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Re: SFLC's GPL court enforcement -- track record

From: Tim Smith
Subject: Re: SFLC's GPL court enforcement -- track record
Date: Thu, 24 Jul 2008 18:40:34 -0700
User-agent: MT-NewsWatcher/3.5.3b2 (Intel Mac OS X)

In article <g6at7s$u6d$>, (Rahul Dhesi) wrote:
> The SFLC says it differently. Their GPL enforcement always seeks some
> sort of penalty for the offender that goes far beyond simply making GPL
> sources available. Otherwise future defendants would have no incentive
> to not violate the GPL in the first place.

Note that if the settlement is secret, it doesn't provide very much 
incentive.  So, it seems unlikely that the SFLC would want to keep 
settlements secret.

How about the defendants?  Haven't many of them been public companies?  
A large settlement would show up in their public financial records, so 
isn't going to stay secret for long.  Thus, I doubt they are going to 
worry too much about keeping it secret from the start.

Thus, I suspect that the settlements are for little or no cash.  
Plaintiff may talk about large potential damages (statutory damages for 
bad faith infringement could get rather staggering rather fast...) to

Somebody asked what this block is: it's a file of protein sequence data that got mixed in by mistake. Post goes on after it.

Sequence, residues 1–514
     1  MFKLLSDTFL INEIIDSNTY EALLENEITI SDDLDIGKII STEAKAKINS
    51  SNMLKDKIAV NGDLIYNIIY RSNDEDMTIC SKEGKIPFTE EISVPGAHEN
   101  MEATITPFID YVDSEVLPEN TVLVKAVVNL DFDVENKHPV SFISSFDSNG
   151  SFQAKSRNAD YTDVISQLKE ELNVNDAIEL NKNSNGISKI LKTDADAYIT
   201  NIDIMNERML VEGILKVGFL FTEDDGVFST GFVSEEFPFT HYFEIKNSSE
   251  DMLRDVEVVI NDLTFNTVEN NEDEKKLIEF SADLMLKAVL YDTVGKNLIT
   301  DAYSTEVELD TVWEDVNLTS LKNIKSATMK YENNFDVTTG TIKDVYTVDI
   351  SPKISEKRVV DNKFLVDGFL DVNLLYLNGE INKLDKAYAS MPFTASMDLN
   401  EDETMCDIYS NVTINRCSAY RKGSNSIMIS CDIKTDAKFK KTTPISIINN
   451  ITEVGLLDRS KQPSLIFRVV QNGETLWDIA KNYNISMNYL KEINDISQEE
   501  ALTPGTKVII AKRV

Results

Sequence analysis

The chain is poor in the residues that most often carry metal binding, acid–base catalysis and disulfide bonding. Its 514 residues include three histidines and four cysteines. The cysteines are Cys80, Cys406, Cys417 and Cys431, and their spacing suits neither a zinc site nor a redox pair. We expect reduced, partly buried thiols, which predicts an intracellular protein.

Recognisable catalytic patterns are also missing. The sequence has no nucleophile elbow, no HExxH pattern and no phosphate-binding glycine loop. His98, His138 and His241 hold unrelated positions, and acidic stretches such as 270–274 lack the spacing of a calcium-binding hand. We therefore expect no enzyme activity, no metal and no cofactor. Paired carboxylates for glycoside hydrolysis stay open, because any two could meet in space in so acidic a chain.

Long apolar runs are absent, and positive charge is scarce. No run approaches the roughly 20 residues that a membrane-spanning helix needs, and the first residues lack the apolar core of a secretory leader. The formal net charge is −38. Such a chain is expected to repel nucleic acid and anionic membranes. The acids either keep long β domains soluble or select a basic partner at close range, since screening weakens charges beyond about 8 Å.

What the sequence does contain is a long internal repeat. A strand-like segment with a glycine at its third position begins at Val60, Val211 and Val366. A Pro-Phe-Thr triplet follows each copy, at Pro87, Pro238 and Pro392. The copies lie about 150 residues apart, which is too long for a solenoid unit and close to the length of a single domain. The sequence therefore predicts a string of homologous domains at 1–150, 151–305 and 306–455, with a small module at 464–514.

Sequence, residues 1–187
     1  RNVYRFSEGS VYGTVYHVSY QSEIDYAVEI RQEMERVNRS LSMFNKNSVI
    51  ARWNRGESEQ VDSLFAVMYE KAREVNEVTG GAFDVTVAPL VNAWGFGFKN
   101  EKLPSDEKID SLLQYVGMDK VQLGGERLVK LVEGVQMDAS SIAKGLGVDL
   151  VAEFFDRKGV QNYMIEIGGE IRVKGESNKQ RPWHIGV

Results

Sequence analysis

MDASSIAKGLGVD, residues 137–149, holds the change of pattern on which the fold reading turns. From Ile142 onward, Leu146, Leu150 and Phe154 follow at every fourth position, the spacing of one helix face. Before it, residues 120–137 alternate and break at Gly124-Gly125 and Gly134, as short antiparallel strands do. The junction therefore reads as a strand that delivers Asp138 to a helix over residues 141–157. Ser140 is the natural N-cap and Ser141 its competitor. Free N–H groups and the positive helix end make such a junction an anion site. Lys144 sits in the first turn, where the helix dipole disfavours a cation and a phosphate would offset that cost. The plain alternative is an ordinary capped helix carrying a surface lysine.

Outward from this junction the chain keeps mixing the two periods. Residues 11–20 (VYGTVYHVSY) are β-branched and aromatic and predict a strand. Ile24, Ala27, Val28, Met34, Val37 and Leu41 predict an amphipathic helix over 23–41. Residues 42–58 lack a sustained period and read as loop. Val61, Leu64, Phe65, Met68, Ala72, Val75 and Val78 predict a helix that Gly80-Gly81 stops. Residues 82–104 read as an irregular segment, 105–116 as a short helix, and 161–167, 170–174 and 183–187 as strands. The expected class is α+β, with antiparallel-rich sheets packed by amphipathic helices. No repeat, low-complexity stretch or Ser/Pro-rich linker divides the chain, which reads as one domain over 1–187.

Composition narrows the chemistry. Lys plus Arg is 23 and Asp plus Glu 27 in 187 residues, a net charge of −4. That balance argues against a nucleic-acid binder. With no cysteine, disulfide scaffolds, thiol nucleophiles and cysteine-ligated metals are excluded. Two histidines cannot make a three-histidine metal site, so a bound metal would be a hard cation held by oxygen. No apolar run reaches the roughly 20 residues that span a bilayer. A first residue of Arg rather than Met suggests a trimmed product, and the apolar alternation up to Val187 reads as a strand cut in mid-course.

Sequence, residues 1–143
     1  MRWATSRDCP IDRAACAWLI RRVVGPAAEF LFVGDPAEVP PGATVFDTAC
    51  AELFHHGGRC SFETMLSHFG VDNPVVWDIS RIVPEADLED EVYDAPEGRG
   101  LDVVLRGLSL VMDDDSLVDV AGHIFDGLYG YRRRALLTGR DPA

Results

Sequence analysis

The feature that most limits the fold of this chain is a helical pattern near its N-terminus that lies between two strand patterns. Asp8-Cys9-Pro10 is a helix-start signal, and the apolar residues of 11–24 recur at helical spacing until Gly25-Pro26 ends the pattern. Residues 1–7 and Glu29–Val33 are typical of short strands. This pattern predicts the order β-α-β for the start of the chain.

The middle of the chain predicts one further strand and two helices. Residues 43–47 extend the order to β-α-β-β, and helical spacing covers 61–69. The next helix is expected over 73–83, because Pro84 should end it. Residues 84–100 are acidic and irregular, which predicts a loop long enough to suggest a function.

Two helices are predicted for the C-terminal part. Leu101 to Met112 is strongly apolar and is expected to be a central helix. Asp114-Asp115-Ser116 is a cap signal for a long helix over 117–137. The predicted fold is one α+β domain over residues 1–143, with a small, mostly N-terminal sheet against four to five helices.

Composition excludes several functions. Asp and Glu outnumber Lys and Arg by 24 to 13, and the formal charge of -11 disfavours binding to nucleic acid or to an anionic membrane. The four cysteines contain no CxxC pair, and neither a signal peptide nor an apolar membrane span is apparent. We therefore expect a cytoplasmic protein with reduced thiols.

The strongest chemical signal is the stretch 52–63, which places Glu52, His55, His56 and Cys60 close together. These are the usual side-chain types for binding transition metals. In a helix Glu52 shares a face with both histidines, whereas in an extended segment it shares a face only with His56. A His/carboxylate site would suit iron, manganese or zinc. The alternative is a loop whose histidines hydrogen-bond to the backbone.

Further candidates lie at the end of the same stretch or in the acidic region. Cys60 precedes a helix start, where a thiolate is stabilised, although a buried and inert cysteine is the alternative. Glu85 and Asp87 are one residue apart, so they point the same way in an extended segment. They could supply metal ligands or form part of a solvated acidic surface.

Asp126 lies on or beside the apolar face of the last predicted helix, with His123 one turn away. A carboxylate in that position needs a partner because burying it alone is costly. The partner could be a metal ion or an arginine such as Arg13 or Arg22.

make the defendant come to their senses, but I don't think anyone would 
agree to that in settlement.

(I'm assuming statutory damages would be available, because I'm assuming 
the copyrights have been registered.  I can't find that registration, 
but I don't claim to be a good copyright registration searcher.  I 
assume they have been registered, because if not, every defendant so far 
would have filed an answer to the complaint pointing that out, and the 
court would have immediately dismissed for lack of jurisdiction.  The 
first time, the court would have been amused at the plaintiff 
overlooking such a basic thing.  But aren't they filling subsequent 
suits in the same court?  The court is not going to be amused the second 
time the same plaintiff brings forth essentially the same case with the 
same flaw.  We'd be seeing sanctions by now, probably.  Thus, I infer 
that the copyrights must be registered).
--Tim Smith

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